Ransomware attacks have risen dramatically in recent years, with cybercriminals increasingly using them to steal or exploit data for financial gain. In fact, the growing impact of ransomware, and how cybersecurity companies tackle this threat, has featured prominently in our cybersecurity coverage here at Acceleration Economy.
An enlightening new analysis on the ransomware trend comes from Unit 42, Palo Alto Network’s incident response team, which quantifies ransomware’s impact and provides insight into attacker methodologies. The 2023 Unit 42 Ransomware and Extortion Threat Report turns the traditional, one-dimensional view of a ransomware attack on its head by introducing the prevalence of multi-faceted attacks using various extortion techniques.
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The report examines 600 incident response cases, as well as the ransomware and extortion landscape, and forecasts how ransomware and extortion tactics might evolve. It explores common extortion methods, targets, heavily targeted regions, industries, and the ultimate goal of malicious actors.
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Breadth of Extortion Tactics Is Expanding
One major tactic involves data theft. In 2022, 70% of incident response cases were ransomware and what’s known as business email compromise, or BEC. The 70% figure was a 30% increase from the previous year. One of the key tactics cybercrooks use to extort organizations is threatening to leak their data on illicit websites.
Another extortion tactic on the rise is the harassment of targeted people in an organization. The report found that harassment played a part in 20% of ransomware cases by the close of 2022, compared to under 1% in 2021.
The report also flagged other tactics, including encryption to lock users out of critical files and systems, as well as Distributed Denial of Service, or DDoS, attacks on customer-facing websites.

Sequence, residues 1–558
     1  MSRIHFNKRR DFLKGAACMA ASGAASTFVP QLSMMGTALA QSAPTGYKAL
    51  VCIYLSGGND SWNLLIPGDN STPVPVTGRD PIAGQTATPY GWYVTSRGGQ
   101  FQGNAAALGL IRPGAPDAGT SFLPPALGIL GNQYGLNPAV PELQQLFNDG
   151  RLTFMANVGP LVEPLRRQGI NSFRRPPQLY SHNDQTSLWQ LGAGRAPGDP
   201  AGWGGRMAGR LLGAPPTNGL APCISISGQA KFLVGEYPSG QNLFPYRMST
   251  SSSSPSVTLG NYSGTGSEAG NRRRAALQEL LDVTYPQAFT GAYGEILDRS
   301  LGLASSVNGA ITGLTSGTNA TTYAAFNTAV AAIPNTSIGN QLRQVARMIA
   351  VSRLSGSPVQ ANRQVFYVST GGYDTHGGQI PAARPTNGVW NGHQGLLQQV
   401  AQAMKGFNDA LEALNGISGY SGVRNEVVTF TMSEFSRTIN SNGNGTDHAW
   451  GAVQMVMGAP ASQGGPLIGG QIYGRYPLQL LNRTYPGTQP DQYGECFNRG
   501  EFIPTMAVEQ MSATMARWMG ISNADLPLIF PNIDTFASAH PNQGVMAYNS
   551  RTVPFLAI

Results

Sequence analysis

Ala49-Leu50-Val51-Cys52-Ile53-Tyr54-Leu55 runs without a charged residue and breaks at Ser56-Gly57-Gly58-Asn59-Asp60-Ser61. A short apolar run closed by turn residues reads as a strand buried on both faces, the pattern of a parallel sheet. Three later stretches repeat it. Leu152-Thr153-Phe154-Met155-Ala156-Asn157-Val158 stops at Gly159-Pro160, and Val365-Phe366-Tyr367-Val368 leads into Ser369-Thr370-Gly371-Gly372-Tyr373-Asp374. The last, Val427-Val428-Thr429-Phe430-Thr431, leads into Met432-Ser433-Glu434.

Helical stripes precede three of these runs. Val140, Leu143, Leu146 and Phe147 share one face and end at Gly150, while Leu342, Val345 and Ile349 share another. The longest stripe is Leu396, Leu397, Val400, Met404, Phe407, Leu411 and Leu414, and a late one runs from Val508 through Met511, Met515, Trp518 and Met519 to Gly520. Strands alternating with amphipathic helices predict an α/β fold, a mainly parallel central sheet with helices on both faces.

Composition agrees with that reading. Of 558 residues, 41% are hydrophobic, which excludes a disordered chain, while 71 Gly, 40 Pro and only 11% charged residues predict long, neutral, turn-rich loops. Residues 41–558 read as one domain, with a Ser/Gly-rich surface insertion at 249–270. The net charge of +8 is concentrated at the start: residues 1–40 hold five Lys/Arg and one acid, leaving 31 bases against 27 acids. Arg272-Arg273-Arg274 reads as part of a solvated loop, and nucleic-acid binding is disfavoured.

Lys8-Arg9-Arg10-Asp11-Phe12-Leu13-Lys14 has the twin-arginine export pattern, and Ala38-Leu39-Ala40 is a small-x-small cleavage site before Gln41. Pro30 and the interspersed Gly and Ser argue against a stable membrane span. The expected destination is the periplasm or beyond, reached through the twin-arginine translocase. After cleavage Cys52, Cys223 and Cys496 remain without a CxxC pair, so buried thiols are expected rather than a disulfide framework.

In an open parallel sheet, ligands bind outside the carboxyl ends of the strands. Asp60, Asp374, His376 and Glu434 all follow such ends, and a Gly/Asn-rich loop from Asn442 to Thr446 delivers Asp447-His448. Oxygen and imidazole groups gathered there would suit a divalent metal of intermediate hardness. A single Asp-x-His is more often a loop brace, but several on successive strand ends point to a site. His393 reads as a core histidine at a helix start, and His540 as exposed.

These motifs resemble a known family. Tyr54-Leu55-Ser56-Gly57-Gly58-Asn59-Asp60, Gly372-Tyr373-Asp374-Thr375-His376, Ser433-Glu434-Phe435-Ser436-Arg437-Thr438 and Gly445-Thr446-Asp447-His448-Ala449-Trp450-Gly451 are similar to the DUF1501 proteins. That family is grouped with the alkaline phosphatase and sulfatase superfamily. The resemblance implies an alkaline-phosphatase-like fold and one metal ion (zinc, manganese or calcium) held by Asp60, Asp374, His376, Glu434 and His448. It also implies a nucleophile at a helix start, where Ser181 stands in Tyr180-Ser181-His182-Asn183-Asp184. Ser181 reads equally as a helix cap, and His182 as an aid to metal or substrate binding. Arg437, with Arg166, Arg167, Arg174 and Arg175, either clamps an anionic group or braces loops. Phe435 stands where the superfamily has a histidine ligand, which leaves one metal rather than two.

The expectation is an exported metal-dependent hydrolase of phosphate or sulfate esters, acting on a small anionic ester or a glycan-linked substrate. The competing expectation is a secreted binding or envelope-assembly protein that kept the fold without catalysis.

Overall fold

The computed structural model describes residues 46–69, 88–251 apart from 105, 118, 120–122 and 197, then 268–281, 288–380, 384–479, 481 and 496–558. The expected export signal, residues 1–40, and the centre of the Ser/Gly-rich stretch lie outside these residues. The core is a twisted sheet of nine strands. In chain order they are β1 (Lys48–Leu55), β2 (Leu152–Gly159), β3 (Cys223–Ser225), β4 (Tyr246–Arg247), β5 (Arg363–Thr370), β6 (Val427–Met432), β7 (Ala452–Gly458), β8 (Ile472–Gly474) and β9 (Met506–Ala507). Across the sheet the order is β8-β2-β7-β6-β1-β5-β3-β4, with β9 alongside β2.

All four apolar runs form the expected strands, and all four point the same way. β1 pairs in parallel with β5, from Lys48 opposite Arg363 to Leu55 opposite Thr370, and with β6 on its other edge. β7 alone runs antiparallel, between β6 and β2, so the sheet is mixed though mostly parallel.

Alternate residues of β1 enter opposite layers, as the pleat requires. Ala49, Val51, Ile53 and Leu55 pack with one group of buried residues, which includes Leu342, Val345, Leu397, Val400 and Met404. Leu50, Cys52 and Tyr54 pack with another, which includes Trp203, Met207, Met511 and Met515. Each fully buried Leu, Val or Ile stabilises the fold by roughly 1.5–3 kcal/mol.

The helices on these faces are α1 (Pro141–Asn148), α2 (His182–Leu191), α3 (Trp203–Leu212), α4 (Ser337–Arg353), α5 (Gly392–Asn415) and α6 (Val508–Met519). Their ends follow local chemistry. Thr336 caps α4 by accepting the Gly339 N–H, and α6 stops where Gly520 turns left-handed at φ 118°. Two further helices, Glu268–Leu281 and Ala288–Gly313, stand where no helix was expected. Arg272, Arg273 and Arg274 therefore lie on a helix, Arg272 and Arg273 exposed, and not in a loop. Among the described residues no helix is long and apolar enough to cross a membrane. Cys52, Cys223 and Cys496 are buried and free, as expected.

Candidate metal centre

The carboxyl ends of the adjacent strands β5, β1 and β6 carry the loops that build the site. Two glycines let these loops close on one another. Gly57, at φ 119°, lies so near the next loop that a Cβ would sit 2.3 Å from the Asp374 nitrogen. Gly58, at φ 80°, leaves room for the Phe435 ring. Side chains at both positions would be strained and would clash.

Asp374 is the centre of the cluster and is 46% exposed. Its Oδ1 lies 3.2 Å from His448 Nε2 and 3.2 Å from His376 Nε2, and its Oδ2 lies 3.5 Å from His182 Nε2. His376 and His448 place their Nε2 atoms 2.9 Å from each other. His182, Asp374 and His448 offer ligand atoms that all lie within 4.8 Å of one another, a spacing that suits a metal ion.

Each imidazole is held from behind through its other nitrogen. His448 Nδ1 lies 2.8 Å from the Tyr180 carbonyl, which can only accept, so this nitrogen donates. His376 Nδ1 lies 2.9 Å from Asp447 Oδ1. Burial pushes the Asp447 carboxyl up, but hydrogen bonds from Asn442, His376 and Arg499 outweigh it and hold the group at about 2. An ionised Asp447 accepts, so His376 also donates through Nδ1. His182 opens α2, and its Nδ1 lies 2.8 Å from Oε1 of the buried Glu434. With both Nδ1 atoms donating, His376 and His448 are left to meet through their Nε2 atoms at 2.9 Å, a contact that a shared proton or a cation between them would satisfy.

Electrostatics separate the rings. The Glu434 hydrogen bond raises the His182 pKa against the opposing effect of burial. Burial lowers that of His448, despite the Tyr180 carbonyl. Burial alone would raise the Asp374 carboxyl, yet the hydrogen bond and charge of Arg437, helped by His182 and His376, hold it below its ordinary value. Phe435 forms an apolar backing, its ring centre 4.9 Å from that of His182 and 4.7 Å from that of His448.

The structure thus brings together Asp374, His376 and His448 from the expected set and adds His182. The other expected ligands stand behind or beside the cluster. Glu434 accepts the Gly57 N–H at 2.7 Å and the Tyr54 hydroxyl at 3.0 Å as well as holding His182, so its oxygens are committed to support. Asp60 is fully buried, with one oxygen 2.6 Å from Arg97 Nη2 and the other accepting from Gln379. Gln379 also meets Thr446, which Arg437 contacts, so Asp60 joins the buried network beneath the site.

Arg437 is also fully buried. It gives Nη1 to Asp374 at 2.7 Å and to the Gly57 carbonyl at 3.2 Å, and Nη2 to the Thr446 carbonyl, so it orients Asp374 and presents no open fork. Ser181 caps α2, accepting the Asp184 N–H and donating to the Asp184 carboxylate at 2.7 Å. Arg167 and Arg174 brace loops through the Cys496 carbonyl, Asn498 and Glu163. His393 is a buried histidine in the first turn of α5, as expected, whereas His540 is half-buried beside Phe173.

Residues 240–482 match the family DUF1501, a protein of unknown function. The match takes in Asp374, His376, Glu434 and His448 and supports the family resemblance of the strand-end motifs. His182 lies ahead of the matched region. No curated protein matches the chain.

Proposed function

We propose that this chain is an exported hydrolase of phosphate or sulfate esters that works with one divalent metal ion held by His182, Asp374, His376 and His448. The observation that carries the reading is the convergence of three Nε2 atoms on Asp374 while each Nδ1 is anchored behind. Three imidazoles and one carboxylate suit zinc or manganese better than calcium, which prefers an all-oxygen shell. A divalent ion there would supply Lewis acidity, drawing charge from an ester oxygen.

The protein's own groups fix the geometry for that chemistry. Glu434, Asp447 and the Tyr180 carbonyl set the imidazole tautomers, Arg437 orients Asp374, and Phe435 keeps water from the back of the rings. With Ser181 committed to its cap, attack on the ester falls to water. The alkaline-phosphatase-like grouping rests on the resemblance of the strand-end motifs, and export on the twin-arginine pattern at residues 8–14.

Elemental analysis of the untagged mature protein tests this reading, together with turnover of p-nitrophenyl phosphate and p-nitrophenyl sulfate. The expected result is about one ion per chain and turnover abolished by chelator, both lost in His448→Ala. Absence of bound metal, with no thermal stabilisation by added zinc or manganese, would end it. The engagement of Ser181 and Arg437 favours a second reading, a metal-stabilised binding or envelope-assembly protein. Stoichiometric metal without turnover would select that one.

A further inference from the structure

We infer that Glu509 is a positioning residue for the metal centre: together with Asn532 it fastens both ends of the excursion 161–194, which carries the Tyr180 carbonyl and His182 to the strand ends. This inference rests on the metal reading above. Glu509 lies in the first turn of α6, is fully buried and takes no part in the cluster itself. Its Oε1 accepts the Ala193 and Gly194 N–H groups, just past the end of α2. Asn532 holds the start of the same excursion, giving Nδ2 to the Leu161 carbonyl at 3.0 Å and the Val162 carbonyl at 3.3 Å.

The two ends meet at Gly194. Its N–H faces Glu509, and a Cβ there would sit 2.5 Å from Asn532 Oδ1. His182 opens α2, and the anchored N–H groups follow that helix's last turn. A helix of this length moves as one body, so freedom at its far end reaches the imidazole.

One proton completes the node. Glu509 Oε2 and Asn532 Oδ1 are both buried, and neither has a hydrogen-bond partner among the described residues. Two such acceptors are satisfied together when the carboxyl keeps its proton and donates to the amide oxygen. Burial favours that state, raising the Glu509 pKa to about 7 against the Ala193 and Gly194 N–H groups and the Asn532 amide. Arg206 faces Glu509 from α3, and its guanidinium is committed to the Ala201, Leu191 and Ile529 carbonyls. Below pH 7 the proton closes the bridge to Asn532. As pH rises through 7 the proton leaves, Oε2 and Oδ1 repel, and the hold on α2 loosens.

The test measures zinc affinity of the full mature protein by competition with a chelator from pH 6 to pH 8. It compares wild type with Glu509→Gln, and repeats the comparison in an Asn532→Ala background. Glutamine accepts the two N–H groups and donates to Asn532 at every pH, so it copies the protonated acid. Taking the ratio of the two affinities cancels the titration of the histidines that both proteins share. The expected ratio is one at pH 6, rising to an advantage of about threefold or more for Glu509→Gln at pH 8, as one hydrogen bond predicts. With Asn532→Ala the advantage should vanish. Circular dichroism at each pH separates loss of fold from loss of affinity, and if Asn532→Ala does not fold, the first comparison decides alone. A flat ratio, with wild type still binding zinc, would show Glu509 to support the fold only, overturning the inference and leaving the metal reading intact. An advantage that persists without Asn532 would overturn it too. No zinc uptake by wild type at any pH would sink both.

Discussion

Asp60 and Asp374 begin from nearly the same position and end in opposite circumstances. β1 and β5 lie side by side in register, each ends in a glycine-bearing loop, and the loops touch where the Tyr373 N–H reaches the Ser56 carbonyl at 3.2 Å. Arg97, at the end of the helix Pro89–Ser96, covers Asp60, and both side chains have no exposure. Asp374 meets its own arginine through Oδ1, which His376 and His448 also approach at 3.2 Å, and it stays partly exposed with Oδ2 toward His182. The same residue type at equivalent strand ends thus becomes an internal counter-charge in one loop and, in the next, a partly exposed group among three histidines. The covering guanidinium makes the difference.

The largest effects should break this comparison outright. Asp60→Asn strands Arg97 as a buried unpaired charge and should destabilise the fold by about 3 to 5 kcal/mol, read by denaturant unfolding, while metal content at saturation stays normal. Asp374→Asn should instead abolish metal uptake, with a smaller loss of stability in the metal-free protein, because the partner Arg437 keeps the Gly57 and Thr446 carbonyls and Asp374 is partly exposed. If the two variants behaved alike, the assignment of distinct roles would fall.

It found that 77% of intrusions are suspected to be a result of three initial access vectors: phishing, exploitation of known software vulnerabilities, and brute-force credential attacks.
Manufacturing Industry Is a Big Target
Unit 42 analysts found that the industry most often targeted by extortion gangs is manufacturing: a total of 447 manufacturing-related organizations had corporate data exposed on illicit websites.
The report’s creators believe the prevalence of manufacturing attacks could be caused by underperforming IT infrastructure and outdated software. Just below manufacturing in the targeted industries list were professional and legal services, then wholesale and retail, as well as finance, healthcare, and high tech.
Company size matters as well. Even though the number of companies from the Forbes Global 2000 targeted by ransomware attacks was small, just 30 in 2022, the report describes these attacks as “notable.”
How To Mitigate The Threat
Unit 42 analysts predict that throughout 2023, we can expect to see a major cloud ransomware attack, an increase in extortion from insider threats, increased political motivation, and extortion as a smokescreen to obscure infected supply chain or source-code attacks.
The report recommends three core actions to prepare for the threat of new and expanded forms of extortion. They include:
- Building a comprehensive incident response plan which includes crisis communications
- Providing ransomware harassment awareness training
- Conducting a post-mortem if your company has been attacked
In addition, my fellow analyst, Chris Hughes, has laid out clear and concise methods for mitigating the threat of ransomware attacks.
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